The Sunday Times reports that the Information Commissioner, Emily O’Reilly, has denied their Freedom of Information request to release documents related to two meetings on the night of September 29/30, 2008, one involving senior ministers and officials and another also involving senior banking executives. The paper reports:
In making the decision, she rejected advice from Sean Garvey, a senior investigator in the Office of the Information Commissioner (OIC), who recommended that the documents be released to The Sunday Times under the Freedom of Information (FoI) legislation because of strong “public interest”.
O’Reilly’s decision is a victory for the Department of Finance, which fought a 14-month battle against the release of any documents related to the bank guarantee. It relented and released uncontentious material two weeks ago, but remains opposed to the release of records relating to the guarantee meetings of September 29/30.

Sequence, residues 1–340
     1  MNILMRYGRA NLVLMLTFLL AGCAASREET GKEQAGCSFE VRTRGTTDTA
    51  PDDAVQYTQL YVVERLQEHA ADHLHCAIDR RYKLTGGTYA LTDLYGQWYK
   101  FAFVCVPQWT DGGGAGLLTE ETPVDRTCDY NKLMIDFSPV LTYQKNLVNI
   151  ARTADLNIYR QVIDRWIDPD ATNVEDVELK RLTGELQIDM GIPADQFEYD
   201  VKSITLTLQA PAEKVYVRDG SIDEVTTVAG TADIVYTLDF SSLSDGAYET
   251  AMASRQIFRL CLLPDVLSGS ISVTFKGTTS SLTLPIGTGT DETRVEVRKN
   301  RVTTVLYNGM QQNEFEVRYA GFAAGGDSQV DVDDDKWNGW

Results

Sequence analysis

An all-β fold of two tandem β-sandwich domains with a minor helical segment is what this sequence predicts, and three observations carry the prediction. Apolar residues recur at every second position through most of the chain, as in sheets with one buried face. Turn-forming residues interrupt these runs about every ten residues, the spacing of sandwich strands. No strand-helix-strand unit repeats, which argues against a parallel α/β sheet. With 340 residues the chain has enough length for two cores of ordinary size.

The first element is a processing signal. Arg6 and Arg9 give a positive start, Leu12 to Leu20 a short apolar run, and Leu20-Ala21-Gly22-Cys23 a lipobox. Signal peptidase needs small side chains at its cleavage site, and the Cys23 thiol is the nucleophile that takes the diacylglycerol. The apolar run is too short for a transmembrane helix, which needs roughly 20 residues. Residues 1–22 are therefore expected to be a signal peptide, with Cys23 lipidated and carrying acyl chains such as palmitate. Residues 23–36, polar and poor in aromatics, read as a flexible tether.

The department had warned that it would take High Court action to prevent the release of these records after Garvey recommended their release, with some redactions. Both AIB and Bank of Ireland also opposed their release.
It appears now that we may have to wait until 2038 to see these documents.
Anyone hoping that the banking inquiry will shed light on these meetings is likely to be disappointed. My reading of comments from various government ministers (including the Taoiseach’s interview on RTE’s This Week) is that despite having a terms of reference that includes September 2008, the banking inquiry will not cover the issues related to how the government took the decision to give an almost blanket liability guarantee to the Irish banks.
I was already disappointed that the terms of reference excluded the months after September 2008, when the government consistently put forward a wildly incorrect diagnosis of the scale of the problems in the banking sector (a diagnosis that was shared by its advisers at PWC.) It is even more disappointing to think that perhaps the key policy decision in responding to the crisis will not be open for discussion.
If a major purpose of the banking inquiry is to see that banking crises don’t cost the state a huge amount of money in the future, then to my mind, it needs to come to conclusions not only about how the crisis came about but also about whether the government’s response to it was based on the best information and whether a more informed approach would have saved the taxpayer money.